Dems must start now to build a ‘people’s platform’

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With an enormous field of possible candidates, it is impossible to know who will win the Democratic Party’s presidential nomination in 2020. But there are some predictions that we can make with confidence. At some point, the field will narrow to two finalists, and one of them will be seen as the choice of the party establishment and the other will be defined as a progressive insurgent. Whoever ultimately gains the nomination, there will be bad blood between the two sides since such contests always generate intense emotional attachments and deep polarization.  

But we also know that, regardless of who wins, unifying the party in support of the nominee can be the difference between victory and defeat that November. In 1972, George McGovern’s candidacy was doomed when centrist Democrats abandoned him, and defections on the left were critical to Hillary Clinton’s electoral college loss in 2016.  

{mosads}Moreover, the lesson of the 2018 midterm elections is that Democrats can win when there is energy at the grassroots with millions of activists knocking on doors, registering voters, calling, texting, sending postcards and dragging voters to the polls. But a bitter presidential primary easily could leave many of those potential grassroots activists on the sidelines, risking that Republican dark money and voter suppression could again squeeze out a narrow victory.

One strategy to prevent a destructive and polarizing primary battle is for Democrats to construct a “people’s platform” — in advance of the actual primary season. Voters could then insist that the candidates embrace that platform, and those who refuse to do so likely would lose support. After the campaign, whoever won would be better positioned to unify the party by adopting the platform at the Democratic National Convention. For this strategy to be successful, the people’s platform cannot be simply the wish list of the party’s progressive wing; it would have to represent a genuine compromise between the center and the left of the party.   

The grounds for such a compromise exist because of the gap between goals that are bold and visionary and the measures that could actually be enacted by a Democratic administration. At best, in 2021 the Democrats could have only a narrow majority in the U.S. Senate and the new administration would be hemmed in by a judiciary stacked with conservative jurists.

So, for example, on health care, the visionary part of the people’s platform would say, “We will not rest until every American is free from worrying about the financial consequences of illness or accidents.” This means ensuring universal access to affordable health care but also requiring a public insurance system that compensates households for lost income when illness or accident keeps a family member from working. But in the more pragmatic part, the platform might promise that the Democrats would fix specific gaps and problems in the Affordable Care Act by opening enrollment in Medicare to everyone at age 50; by establishing a public insurance option in every state to make up for the lack of private providers; and by empowering the government to impose controls on the prices of prescription drugs.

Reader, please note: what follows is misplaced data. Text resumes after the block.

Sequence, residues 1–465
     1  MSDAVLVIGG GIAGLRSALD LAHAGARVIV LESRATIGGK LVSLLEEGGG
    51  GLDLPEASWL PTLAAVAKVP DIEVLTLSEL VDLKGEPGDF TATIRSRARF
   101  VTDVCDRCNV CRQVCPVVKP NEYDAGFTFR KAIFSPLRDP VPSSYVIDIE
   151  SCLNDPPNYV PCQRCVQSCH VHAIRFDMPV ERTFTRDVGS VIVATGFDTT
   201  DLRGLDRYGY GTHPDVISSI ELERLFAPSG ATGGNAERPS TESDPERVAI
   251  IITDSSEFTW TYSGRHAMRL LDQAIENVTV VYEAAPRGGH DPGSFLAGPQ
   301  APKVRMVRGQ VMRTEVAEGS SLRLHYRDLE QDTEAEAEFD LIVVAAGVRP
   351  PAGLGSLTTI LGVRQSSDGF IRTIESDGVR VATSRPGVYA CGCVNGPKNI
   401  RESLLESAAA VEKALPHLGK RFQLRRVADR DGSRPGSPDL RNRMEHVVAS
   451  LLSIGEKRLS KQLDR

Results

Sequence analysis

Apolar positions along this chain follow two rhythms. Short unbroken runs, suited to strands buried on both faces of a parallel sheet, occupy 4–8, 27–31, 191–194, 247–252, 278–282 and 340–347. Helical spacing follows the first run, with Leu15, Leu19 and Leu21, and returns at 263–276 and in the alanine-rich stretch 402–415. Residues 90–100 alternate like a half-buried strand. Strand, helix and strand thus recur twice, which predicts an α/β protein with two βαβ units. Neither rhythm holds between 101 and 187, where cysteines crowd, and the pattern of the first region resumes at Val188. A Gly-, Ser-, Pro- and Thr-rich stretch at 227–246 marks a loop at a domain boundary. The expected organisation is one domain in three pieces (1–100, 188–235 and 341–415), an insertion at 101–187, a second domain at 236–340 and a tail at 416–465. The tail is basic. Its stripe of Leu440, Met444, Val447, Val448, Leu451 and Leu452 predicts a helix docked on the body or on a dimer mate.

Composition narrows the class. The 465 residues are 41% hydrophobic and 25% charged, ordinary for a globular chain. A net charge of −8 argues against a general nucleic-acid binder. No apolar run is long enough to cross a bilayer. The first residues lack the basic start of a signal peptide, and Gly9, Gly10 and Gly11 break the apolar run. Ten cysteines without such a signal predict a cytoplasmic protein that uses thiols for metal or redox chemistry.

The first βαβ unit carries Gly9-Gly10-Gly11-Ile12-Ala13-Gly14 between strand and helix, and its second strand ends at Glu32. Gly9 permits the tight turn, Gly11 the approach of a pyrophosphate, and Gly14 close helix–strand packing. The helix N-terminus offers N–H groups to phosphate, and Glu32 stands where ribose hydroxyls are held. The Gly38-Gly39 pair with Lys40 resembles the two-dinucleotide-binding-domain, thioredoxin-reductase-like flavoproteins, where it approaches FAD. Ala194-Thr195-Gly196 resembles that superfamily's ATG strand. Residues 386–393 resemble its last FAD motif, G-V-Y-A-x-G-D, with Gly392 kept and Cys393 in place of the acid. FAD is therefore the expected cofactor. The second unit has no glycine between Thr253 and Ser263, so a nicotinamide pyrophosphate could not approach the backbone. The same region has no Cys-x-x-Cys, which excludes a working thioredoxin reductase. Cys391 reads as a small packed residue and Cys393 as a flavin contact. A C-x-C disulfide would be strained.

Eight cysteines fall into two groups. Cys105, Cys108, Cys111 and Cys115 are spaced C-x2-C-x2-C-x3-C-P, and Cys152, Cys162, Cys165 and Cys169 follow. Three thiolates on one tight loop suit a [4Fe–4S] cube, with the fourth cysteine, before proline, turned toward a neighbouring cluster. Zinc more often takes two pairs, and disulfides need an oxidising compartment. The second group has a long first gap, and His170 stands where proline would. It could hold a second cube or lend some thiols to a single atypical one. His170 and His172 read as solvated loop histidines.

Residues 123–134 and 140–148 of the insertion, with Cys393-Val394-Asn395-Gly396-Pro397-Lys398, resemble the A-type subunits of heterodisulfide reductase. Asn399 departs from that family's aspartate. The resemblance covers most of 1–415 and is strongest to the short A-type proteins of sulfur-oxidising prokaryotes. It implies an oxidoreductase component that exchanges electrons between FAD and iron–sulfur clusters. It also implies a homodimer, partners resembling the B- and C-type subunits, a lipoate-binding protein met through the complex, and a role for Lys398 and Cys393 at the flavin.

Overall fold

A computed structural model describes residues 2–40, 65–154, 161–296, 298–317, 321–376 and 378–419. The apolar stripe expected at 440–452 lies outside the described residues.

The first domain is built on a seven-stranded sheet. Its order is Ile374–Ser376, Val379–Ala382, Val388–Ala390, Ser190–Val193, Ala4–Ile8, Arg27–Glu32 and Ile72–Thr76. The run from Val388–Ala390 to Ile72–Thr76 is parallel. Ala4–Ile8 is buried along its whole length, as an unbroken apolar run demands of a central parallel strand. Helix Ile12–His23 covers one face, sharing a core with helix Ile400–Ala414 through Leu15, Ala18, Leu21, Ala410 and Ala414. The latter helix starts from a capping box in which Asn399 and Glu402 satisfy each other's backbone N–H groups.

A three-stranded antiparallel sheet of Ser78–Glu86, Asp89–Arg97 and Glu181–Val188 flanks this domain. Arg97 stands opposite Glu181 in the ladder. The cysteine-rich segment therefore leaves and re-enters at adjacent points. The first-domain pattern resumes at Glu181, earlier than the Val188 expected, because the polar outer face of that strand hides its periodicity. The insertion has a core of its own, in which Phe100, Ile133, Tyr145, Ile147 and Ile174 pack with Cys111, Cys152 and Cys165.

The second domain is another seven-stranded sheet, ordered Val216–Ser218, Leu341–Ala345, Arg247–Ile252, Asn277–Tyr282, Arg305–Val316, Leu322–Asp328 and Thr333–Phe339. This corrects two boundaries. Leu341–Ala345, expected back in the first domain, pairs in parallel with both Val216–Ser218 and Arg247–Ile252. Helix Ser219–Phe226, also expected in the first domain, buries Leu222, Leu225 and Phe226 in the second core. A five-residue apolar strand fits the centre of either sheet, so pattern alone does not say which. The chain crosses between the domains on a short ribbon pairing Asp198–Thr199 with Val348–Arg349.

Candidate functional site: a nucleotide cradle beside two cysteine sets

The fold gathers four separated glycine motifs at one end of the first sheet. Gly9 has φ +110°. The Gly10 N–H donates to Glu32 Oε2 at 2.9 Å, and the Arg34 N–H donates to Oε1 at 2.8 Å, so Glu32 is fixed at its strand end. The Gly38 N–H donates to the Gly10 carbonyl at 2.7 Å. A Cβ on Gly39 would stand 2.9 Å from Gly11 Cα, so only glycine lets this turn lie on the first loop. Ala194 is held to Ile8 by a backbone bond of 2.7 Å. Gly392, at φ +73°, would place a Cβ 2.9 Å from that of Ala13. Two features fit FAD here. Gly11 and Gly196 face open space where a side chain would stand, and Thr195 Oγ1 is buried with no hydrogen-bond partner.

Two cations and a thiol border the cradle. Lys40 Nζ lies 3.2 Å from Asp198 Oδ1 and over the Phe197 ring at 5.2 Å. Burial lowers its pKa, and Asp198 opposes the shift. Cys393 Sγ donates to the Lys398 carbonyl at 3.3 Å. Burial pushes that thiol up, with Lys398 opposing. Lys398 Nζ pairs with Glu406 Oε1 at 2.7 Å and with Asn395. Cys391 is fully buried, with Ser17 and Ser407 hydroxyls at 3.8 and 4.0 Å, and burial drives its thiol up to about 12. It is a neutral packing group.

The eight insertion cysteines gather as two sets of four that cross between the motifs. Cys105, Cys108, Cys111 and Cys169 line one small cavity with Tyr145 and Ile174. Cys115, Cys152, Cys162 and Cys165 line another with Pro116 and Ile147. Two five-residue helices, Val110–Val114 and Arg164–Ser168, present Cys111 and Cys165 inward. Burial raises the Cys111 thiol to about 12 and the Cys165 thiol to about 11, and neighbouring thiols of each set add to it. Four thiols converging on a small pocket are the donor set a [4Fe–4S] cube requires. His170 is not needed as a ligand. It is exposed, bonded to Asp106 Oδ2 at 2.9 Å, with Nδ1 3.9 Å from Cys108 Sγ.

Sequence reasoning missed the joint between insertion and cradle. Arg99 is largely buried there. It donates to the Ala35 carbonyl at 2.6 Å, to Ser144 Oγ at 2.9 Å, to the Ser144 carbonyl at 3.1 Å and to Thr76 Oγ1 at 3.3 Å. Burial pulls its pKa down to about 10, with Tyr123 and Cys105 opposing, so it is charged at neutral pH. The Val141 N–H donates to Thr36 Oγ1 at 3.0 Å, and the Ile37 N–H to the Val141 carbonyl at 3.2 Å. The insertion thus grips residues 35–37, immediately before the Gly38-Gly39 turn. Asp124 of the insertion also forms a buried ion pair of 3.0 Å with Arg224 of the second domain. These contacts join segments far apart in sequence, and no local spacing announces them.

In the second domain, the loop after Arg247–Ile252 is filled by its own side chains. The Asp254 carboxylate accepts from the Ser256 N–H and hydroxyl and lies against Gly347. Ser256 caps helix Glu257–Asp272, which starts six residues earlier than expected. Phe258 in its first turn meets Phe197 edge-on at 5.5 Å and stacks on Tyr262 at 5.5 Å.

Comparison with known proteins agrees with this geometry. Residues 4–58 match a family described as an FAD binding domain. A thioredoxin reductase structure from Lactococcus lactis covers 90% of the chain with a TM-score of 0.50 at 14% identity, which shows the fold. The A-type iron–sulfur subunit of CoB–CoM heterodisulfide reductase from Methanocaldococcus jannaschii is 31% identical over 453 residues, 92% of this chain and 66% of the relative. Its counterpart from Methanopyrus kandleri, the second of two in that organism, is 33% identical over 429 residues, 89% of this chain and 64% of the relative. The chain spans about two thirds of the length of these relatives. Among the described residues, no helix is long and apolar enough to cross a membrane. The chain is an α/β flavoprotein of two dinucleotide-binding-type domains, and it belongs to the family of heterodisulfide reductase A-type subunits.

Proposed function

To be sure, it would not be easy to get the right mix of visionary commitments and concrete pragmatic policy proposals and to broker compromises that both the left and the center of the party would embrace. But not everyone has to agree with every plank of the platform; the document would strongly endorse reproductive rights, immigrant rights, gun control and bold action on climate change, even though the party has outliers on all of those issues. If done right, the people’s platform could hold the Democrats together and inspire millions to mobilize in support of the party’s ultimate nominee.

Moreover, there is a perfect group of people to take charge of producing the people’s platform: the newly elected Democratic members of the House of Representatives. This ideologically, ethnically and geographically diverse group of 66 new members is ideally suited to take charge of drafting such a document. The freshmen are a natural bridge between the grassroots energy that got them elected and the established centers of power in the party. They understand that the Democratic Party has to do a much better job than in the past in explaining to voters how it will govern.

But if this is going to happen, it needs to start right away. The first six months of 2019 should include listening sessions in which the House members drafting different planks gather input from policy experts, other elected officials and grassroots activists. The second half of the year would be taken up with successive drafts to work out compromises between factions in the party.    The goal would be to have a final version for public release around Jan. 1, 2020 — a month before Iowa voters go to the polls to start winnowing the Democratic field.  

There is no time to waste, and the stakes could not be greater.

Fred Block is a research professor of sociology at the University of California, Davis. His most recent book is “Capitalism: The Future of an Illusion.”

Tags 2020 campaign Democratic Party Grassroots Hillary Clinton Politics of the United States US House

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